Friday, 7 May, 2021
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Two books on Nepal’s stone sculpture released



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By A Staff Reporter
Kathmandu, May 4: A Swiss citizen named Ulrich Von Schroeder visited Nepal recently with the documentation of Nepalese Stone Sculptures.
The 78-year-old had first visited the country in 1965. Prior to that, he had come to India from Switzerland. Fascinated by the arresting stone sculptures, he has visited the country more than 50 times ever since to learn more about them.
His visits have now culminated in the publication of two comprehensive books on Nepalese Buddhist and Hindu stone sculptures. Each of them features their short descriptions, iconography, style, date, location, among others.
Talking with The Rising Nepal at the garden of Museum of Nepali Art in Thamel, Kathmandu, Schroeder said, “These two volumes about the stone sculptures are gifts to Nepal. I have published them because I am really concerned about how much damage the sculptures have witnessed in the last 50 or so years; some have been reduced to pieces; others stolen. For me, it is not important where these images are now. What is important to me, however, is that we have their proper documentation."
He further said there are a total of some 2,000 documentations and illustrations in two volumes, and some 15,000 digital photographs of Nepalese sculpture and other artifacts stored in a memory device.
The book and photographs in the memory device are useful for the future generation and other researchers wanting to study about the Nepalese stone sculptures, he said.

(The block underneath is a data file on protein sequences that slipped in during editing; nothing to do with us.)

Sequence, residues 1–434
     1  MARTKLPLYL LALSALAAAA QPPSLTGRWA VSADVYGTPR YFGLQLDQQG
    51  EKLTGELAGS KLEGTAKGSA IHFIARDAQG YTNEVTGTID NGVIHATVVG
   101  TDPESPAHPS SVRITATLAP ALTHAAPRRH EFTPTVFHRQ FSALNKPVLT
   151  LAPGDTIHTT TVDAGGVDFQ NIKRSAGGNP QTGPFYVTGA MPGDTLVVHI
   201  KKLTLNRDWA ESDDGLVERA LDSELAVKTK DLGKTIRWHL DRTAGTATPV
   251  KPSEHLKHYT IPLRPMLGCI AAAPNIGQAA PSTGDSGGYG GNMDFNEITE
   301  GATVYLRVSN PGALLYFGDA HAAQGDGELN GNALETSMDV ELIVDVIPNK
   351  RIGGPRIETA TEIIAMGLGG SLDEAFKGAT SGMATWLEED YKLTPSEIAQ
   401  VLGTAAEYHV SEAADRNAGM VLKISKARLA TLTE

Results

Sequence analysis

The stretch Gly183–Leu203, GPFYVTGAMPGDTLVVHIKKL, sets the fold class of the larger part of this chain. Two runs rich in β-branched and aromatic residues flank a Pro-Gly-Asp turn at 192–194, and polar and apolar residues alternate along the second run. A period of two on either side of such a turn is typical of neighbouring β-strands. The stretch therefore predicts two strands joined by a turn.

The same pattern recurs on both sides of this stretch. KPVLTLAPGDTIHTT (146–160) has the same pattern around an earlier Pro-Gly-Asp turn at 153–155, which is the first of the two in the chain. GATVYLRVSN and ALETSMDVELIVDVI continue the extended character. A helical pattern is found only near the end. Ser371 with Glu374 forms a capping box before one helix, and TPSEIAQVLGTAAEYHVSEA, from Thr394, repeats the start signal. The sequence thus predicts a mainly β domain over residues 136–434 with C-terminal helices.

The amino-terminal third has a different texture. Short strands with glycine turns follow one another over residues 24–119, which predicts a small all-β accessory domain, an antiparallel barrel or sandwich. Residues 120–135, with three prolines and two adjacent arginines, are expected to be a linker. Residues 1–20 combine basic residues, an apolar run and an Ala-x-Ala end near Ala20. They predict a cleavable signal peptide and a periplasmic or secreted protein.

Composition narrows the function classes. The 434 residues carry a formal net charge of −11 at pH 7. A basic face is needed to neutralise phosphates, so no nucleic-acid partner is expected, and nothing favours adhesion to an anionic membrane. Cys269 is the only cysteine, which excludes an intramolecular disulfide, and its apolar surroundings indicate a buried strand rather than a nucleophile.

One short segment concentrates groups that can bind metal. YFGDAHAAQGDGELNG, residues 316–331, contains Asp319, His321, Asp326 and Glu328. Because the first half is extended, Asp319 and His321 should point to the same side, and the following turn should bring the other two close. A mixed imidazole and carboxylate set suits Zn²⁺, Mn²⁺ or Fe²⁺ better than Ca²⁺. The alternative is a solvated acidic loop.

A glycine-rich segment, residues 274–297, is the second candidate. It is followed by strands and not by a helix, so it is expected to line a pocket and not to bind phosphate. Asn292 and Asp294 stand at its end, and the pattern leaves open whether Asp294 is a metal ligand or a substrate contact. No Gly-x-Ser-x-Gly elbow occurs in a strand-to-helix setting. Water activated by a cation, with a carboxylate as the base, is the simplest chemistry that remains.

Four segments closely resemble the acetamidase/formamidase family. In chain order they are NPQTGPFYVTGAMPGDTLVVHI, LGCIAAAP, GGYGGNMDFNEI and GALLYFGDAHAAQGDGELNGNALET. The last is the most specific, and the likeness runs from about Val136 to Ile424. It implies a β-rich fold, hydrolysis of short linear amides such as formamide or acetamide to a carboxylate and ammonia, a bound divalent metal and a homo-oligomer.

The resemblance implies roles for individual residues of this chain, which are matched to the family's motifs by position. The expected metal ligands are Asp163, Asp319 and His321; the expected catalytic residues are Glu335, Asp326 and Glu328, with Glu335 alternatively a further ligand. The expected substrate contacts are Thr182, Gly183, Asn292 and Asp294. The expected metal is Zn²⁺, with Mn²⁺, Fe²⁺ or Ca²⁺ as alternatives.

Pointing to the importance of the books in coming years, Schroeder said, “These materials may not be important in present days, but before long people will want to know about their arts and cultures. This is when the books will come in handy.”
He found that some of the stone sculptures that he saw in his first visit have now been stolen.
He has gifted the books to a handful of Nepali scholars and concerned government bodies.
Sunil Dangol, a photographer at Hamumandhoka Durbar Museum Development Committee who has been working with Schroeder since 2012, said that the documented photographs in the book are mostly collected from Kathmandu Valley.
“I have provided him with very rare and historically important photos,” Dangol said.
“The stone sculptures of Lokeshwor Kuleshwor, stone sculptures of Surya of Teku Dhovan and Umamaheshwar which haven’t been published before have now been mentioned in the books,” Schroeder stressed.
He added that many collected photographs of Lain Singh Bangdel, Nepal’s foremost artist, novelist and art historian, have also been documented in the two volumes.
“Government should do more to preserve and promote its historically important stone sculptures which are not just invaluable but are also inextricably linked with its identity,” he concluded.